Australian farmers face a “trifecta of negative factors” for grain prices, and the likelihood of a crop which, while substantial in quantity, will be rain-reduced in quality too, Rabobank warned.
The bank said that pressure on prices from Australia’s winter grains harvest, which usually builds in October, may start “earlier than normal” this year, thanks to the extent of supplies still left over from 2021’s bumper crop.
Prices will fall “as farmers seek to empty grain bins ahead of the new crop”, which for wheat is widely predicted to be a third successive strong harvest, if below last year’s record of 36.3m tonnes.
Indeed, the large carryover stocks, and the prospect of a strong 2022 harvest, were two of a “trifecta of negative factors for local prices” named by Rabobank – the third being trade congestion which has prompted back-ups of crop for export, and reduced pressure on merchants to bid up for supplies.
Australian “port zones are still congested from last year’s carryover”, the bank said.
The US Department of Agriculture, whose estimates set world benchmarks, forecasts Australian wheat inventories ending 2021-22 at a five-year high of 4.83m tonnes, with some other commentators, such as the International Grains Council, foreseeing larger figures.
‘Record price fall’
Further price weakness would follow a dismal July for Australian agricultural commodity values, which according to National Australian Bank tumbled by some 6.9% last month, a decline the bank termed “a record fall”.
“Many commodities have been hit hard by rising fears of an economic downturn as central banks rapidly normalise interest rates in response to high inflation,” NAB said.
“This has spilled over into agricultural commodities, with wheat dropping to below Ukraine invasion levels.”
‘Significant quality issues’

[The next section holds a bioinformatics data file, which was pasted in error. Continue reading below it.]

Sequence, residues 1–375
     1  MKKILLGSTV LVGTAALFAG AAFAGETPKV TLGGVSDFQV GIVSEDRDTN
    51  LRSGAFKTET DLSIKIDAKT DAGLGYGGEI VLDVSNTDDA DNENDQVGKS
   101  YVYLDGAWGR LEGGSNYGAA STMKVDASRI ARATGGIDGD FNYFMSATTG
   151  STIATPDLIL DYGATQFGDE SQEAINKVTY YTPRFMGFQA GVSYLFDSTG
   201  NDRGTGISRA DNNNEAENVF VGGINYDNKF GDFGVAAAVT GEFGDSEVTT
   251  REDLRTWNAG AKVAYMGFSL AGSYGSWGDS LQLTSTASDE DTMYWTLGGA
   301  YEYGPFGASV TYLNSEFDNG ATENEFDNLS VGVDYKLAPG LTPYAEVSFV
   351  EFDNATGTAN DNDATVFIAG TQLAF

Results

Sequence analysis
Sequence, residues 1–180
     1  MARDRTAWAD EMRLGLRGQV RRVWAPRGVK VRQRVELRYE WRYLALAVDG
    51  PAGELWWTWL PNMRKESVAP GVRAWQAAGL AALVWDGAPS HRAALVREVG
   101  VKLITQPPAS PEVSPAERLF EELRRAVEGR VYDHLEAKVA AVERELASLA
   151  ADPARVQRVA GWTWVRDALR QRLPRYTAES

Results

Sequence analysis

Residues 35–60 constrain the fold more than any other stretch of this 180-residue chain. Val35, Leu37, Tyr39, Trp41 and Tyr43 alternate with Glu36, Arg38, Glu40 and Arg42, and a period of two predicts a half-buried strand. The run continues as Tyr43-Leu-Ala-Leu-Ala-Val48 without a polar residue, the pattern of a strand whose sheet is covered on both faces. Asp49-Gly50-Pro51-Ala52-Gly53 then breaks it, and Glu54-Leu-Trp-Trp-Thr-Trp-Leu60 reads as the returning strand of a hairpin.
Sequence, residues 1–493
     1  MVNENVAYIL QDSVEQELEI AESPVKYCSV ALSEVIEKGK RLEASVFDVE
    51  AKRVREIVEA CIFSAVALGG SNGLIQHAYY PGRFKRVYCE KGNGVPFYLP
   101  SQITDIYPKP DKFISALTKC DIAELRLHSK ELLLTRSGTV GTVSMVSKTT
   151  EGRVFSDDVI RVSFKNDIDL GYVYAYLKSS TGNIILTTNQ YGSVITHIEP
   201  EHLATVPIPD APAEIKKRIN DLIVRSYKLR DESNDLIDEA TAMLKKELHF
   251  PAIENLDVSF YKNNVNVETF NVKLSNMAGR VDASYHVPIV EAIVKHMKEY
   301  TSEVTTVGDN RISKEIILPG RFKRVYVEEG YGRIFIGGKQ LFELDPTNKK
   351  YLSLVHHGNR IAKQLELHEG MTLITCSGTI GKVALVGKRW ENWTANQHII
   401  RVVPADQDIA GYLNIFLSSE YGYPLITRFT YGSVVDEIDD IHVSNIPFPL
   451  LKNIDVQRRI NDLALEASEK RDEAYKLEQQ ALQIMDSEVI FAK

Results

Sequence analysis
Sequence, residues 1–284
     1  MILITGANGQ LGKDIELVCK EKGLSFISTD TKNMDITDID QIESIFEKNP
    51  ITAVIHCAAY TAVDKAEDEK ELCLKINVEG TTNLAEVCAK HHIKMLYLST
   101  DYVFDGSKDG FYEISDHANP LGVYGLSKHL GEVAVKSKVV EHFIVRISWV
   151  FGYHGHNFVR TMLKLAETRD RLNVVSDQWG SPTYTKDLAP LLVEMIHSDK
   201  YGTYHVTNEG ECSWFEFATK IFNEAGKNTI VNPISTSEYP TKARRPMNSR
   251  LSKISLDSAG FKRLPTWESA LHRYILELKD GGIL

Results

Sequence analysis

Australian grain growers also face the prospect of the rain which has – as in the previous two years – supported strong crop prospects proving excessive.
Already “excessive rain and waterlogging” has cut crop area on the east coast, where Rabobank reported combined barley, canola and wheat area in New South Wales as 4% below a mid-May estimate, with the figure for Queensland plantings cut by 8%.
“We now expect an Australian winter crop area of 23.54m hectares, down 0.35% year on year and no longer the record area on the cards in May,” the bank said.
The prospect of further rainfall threatens to cut crop quality, with wetness on ripe kernels encouraging sprouting and the loss of milling specifications.
The seasonal outlook from Australia’s Bureau of Meteorology “shows a very high chance of exceeding median rainfall between August and November on the east coast”, Rabobank said, adding that “excess east coast rainfall [is] on the cards during harvest”.
The precipitation “may mean good news for crops during their growth stages, but likely also means we can expect significant quality issues at harvest”.
Separately, the Grain Industry of Western Australia has flagged the potential for dryness setbacks to the Western Australian grain crop, which is usually the country’s biggest.